Although dissolving sample compounds in the eluent is the basic procedure of HPLC, that is not possible with some samples due to their solubility or the sample preparation method required. Then, excessive differences in solvent strength or pH between the eluent and the sample solvent could cause such problems as double peaks and broadened peaks. The cause of these phenomena is considered to be dispersion or a varying degree of dissociation of the analyte resulting from the sample solvent being temporarily replaced by the eluent in the column. Examples of solutions with this type of problem are discussed below. The chromatogram (A) represents 2µL of water solution of a sample injected, and a shoulder is observed. As the pHs were different between the sample solution and the eluent, 4µL of this sample was injected after diluting it by 2 times with the eluent to reduce the pH difference.The peak shape was much improved as in chromatogram (B).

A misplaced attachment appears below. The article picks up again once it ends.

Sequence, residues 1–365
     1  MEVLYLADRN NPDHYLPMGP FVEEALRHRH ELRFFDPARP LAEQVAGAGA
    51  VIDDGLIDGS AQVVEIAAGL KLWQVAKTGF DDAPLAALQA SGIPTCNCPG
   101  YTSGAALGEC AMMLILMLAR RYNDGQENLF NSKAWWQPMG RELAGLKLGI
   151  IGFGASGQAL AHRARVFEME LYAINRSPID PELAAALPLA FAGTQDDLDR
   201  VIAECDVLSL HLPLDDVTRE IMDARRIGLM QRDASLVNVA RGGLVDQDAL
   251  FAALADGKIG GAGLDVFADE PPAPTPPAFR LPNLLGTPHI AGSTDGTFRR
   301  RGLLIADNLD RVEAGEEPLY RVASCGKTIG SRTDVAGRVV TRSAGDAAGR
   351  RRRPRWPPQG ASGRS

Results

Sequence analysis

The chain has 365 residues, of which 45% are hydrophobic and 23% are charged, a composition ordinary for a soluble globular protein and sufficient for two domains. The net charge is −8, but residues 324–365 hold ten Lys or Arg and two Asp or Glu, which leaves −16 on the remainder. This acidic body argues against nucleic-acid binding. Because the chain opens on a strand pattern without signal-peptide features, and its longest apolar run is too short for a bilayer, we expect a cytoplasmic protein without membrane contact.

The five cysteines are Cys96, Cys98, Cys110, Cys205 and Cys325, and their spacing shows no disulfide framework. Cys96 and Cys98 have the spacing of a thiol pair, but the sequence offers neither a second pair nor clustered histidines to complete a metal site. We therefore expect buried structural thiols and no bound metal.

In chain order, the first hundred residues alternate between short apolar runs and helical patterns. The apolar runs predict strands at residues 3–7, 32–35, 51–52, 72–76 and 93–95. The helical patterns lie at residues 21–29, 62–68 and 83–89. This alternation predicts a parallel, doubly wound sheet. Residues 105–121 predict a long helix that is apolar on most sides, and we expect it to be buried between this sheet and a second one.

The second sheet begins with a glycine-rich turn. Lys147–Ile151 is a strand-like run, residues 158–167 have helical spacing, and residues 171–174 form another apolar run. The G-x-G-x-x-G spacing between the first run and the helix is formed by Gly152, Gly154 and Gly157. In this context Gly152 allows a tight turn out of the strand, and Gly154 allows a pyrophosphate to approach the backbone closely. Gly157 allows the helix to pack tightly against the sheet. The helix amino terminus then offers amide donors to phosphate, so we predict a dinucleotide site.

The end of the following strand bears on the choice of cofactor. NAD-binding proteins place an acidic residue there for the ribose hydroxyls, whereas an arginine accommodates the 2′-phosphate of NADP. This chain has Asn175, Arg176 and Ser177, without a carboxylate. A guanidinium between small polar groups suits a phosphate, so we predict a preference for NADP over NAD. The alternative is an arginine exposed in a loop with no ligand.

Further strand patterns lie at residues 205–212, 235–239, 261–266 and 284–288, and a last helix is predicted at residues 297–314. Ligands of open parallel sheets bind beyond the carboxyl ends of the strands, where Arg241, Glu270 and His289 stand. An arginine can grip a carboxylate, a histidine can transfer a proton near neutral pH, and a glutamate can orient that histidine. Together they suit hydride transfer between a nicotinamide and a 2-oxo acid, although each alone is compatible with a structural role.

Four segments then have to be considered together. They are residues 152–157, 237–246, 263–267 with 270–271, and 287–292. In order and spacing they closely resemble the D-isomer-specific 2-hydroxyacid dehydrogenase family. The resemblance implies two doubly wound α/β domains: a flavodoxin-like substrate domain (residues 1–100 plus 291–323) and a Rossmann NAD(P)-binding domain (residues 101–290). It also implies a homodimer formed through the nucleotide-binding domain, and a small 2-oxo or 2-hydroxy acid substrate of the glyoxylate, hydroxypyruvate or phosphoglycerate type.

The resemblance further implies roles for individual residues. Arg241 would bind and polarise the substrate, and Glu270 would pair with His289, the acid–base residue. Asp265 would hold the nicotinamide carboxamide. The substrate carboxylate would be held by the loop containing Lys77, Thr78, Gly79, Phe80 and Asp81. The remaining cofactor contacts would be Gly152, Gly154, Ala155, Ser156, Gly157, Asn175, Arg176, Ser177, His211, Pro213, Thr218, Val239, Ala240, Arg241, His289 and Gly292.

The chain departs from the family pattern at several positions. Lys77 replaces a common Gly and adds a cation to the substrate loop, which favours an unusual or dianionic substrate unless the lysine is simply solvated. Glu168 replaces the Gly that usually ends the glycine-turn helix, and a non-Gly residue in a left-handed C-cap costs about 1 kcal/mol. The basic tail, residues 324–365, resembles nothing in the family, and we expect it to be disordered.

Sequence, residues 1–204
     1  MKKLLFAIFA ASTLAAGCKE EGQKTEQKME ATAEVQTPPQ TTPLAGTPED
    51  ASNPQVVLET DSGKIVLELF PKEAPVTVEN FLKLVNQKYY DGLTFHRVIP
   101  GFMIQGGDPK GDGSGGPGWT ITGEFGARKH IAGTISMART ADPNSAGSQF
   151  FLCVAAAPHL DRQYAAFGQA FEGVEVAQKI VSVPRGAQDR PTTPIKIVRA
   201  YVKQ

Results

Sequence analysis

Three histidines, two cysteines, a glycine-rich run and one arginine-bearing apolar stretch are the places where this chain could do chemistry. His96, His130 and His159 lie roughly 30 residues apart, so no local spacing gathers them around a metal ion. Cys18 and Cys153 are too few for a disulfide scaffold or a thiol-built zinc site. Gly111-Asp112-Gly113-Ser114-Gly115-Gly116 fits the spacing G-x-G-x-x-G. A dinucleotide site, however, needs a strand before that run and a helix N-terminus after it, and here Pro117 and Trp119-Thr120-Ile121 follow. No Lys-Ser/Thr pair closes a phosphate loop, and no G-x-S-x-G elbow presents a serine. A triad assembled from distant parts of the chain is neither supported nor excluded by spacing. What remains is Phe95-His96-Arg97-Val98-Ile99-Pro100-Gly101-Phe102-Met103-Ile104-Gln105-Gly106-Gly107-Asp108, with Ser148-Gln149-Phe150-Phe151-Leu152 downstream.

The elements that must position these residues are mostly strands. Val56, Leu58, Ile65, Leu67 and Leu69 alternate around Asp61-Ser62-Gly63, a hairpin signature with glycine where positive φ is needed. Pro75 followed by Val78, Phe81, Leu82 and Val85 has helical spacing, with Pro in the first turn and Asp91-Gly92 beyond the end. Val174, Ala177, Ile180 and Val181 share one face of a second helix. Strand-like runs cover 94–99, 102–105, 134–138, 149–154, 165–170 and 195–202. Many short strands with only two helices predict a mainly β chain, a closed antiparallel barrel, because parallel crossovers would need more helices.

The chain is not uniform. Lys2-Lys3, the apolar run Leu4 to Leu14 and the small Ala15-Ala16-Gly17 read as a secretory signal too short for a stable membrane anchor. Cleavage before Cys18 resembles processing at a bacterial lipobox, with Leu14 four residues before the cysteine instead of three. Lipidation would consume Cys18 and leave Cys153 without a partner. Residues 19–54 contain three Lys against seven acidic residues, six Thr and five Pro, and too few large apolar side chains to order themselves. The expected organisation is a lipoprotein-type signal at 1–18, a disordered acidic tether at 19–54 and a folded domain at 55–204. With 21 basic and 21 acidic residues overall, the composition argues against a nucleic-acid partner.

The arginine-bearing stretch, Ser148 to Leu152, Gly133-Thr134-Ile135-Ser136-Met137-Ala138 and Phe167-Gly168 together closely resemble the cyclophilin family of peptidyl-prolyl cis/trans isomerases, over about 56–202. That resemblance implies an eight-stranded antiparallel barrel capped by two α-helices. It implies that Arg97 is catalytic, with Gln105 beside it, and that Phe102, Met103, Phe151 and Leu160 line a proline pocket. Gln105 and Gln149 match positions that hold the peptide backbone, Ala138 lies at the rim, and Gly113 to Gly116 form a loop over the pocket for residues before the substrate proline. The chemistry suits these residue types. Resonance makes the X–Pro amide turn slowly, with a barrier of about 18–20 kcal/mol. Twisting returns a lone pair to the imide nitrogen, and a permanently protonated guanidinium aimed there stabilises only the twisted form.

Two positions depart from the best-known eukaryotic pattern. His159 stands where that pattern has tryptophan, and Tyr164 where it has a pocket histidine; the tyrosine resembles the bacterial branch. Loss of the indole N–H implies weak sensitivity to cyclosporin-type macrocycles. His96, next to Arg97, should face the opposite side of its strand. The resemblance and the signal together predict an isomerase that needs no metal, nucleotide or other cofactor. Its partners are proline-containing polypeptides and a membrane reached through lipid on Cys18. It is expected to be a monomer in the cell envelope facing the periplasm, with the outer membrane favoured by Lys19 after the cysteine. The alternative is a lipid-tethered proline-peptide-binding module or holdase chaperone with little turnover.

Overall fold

Other solutions of this type of problems include to reduce the sample volume and to dilute the sample solution with the low strength solvent. If peak deterioration is observed, you should confirm the sample solution has the identical characteristics as the eluent. If otherwise, you should consider the solutions discussed above.